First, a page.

The second revolutionary offering by the Pocket PC family is the ability to download video, making it the first wireless device to do so. On November 13, 2000, at the COMDEX conference in Las Vegas, Microsoft announced that Pocket PC owners were the only PDA customers who could get high-speed mobile access, over the Ricochet 128Kbps network, providing third-generation (3G) network speeds today. With that high-speed access, Pocket PCs can stream Windows Media audio and video for the first time. Palm offers neither video nor Web surfing, yet it controls 67.5% of the market.

In 2000, 9.3 million PDAs were shipped. IDC projects a growth to 33-million units shipping by 2004. The market is young, and Palm is trying to extend their control by moving from their basic gray screen and PIM functions. In October 1999, they introduced their VII line with limited wireless capabilities. Their 130,000 registered developers have produced 7,000 software applications, ranging from Pacman and Donkey Kong Jr. to Lotus Notes, fax abilities, and book downloads of the sci-fi master H.G. Wells. Palm's hardware add-ons include cameras, MP3 players and GPS systems, all in compact versions.

"There's a need for expansion, but we don't rush to market without a really robust solution that won't hack into the memory or battery," says Tim Twerdahl, product manager at Palm. "For example, we have a multimedia expansion board that's the size of a postage stamp. You can slide it into the Palm V pocket enabler without forcing a bulkier product on the consumer. That couldn't be done two years ago."

Perhaps Palm's greatest advantage is battery life, which is not measured in the eight-hour span of a Pocket PC, but in months. Their biggest asset, however, is still their name. When people buy an organizer they buy a Palm Pilot.

Will They Become Betamax and VHS?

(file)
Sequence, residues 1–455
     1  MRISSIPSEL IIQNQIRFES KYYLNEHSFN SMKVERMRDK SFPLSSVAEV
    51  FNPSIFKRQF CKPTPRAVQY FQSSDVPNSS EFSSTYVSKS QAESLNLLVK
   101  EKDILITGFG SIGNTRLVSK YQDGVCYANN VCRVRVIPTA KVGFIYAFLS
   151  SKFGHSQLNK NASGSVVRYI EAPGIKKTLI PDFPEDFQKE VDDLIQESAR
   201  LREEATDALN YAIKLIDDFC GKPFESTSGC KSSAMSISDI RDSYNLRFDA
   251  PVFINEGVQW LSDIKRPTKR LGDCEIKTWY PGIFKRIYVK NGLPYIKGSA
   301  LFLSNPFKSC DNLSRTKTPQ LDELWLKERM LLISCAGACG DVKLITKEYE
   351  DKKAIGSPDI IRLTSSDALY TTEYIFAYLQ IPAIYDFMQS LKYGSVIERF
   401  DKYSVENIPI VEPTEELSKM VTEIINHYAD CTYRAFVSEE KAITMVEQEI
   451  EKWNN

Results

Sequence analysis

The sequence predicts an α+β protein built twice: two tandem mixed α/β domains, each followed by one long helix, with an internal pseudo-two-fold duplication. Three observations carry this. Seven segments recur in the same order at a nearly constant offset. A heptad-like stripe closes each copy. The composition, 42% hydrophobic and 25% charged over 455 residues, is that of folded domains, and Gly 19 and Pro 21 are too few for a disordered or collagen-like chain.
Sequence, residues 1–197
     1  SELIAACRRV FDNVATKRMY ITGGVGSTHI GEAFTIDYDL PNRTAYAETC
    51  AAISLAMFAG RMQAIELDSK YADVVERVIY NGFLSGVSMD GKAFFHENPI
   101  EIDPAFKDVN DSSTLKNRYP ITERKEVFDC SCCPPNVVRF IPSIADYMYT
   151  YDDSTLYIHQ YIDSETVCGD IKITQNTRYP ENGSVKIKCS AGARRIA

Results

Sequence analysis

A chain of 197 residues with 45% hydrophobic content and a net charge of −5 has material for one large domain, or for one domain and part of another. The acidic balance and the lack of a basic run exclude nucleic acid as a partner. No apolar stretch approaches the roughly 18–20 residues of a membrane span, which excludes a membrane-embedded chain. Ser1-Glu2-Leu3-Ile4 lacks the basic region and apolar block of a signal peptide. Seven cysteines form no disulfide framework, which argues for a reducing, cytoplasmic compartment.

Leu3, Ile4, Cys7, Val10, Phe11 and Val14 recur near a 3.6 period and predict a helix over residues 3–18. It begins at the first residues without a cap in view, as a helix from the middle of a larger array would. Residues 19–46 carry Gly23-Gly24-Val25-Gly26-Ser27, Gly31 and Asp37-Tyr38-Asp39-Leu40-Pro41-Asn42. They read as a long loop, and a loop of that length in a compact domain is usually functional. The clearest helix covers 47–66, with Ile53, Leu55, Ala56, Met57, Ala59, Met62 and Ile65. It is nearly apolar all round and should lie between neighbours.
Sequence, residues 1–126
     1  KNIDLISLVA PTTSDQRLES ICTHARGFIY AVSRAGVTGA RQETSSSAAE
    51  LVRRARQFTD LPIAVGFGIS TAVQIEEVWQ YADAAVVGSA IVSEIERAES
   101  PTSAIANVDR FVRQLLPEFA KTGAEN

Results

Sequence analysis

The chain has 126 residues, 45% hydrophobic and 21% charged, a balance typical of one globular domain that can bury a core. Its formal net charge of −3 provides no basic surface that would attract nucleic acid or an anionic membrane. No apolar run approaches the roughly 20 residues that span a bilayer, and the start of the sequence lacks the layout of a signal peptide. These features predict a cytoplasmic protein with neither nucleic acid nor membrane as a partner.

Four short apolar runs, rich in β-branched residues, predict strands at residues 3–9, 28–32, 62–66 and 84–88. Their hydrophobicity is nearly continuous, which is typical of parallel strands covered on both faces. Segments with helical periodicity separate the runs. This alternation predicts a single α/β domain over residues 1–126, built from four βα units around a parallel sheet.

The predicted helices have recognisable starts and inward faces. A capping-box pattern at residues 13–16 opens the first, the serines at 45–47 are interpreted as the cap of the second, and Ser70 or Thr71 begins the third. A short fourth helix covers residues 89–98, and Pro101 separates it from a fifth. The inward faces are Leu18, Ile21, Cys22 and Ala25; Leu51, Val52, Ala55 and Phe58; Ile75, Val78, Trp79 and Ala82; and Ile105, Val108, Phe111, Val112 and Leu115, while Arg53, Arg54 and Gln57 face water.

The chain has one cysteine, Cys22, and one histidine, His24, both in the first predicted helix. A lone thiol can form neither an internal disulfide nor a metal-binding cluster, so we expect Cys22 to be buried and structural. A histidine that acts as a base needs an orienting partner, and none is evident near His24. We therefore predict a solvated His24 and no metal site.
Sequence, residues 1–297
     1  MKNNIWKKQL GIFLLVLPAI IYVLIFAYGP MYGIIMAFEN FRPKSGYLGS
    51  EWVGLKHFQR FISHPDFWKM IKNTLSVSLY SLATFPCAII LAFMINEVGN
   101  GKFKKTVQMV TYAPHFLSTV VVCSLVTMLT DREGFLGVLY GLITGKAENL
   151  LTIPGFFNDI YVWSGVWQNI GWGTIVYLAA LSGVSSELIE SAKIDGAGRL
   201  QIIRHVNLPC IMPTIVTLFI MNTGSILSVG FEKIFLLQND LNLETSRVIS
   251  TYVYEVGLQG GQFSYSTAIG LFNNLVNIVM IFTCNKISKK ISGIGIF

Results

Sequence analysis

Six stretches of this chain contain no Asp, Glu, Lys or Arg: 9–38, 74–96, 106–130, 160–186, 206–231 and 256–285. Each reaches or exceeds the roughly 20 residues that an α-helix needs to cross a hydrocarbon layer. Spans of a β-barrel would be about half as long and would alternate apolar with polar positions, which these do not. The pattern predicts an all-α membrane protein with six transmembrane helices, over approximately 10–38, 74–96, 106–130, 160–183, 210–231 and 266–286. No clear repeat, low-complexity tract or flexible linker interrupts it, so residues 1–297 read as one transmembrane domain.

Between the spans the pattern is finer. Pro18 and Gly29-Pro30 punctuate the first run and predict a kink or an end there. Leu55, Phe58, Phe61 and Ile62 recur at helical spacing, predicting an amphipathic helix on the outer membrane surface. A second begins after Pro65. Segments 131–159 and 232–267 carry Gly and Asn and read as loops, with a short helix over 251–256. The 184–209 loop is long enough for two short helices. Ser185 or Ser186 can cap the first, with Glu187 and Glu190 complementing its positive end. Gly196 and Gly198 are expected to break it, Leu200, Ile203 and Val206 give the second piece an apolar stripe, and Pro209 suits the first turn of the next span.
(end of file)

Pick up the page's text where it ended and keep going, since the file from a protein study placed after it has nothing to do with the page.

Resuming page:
In the wireless field, Palm is not so much "antitechnology" as it is minimalist. Their devices are Mondrians whereas the Pocket PC is the PDA version of the Sistine Chapel. For tech-heads it's hard to fathom Palm's continued focus on the four basic PIM functions.

Robin Hearn, senior analyst at Ovum, argues against Palm's continued dominance. "Compaq's iPaq is really a top level line," he says. "Palm's market dominance is definitely under threat and will drop in the next couple of years. Palm will achieve a smaller market share of a growing industry, meaning they could lose 20% market share.

"But still," he admits, "with the growth of the market, Palm could achieve a 150% sales growth during the same time."

Palm's share has already dropped from 74.8% in 1999 to 67.5% today (due more to the 16% share for Handspring's Visor, which uses the Palm operating system, than to Microsoft's upswing, but it does show that people are looking at different PDAs).

Palm users may not drop Palm when making a purchase and start using the Pocket PC, but new customers will certainly weigh the differences in technology. This growth will be seen primarily in the business market, which Microsoft has been focusing on.

"They won't be stealing any customers," says Kevin Burden, analyst at IDC. "But the market, especially the enterprises market, will be growing, and companies are now looking at these devices as tools for business. Pocket PC definitely has the advantage here, with all of Microsoft's corporate relations."

Nokia vs Ericsson
The fight between Palm and Pocket PC is a competition between name brand recognition and a more sophisticated technology. The battle for dominance between Ericsson and Nokia over mobile phones is somewhat different.

There isn't a clear philosophical difference between the two companies, but their competition is more like best friends who challenge each other. Both Nokia and Ericsson are founding members of many of the wireless forums, from WAP to Bluetooth, from MeT to SyncML to LIF. Both companies are interested in pushing their technology, not looking for a minimalist approach. During 2000, Ericsson appeared to have a slight technical edge. They invented Bluetooth technology, and on June 5, 2000, they introduced the first phone with Bluetooth capabilities.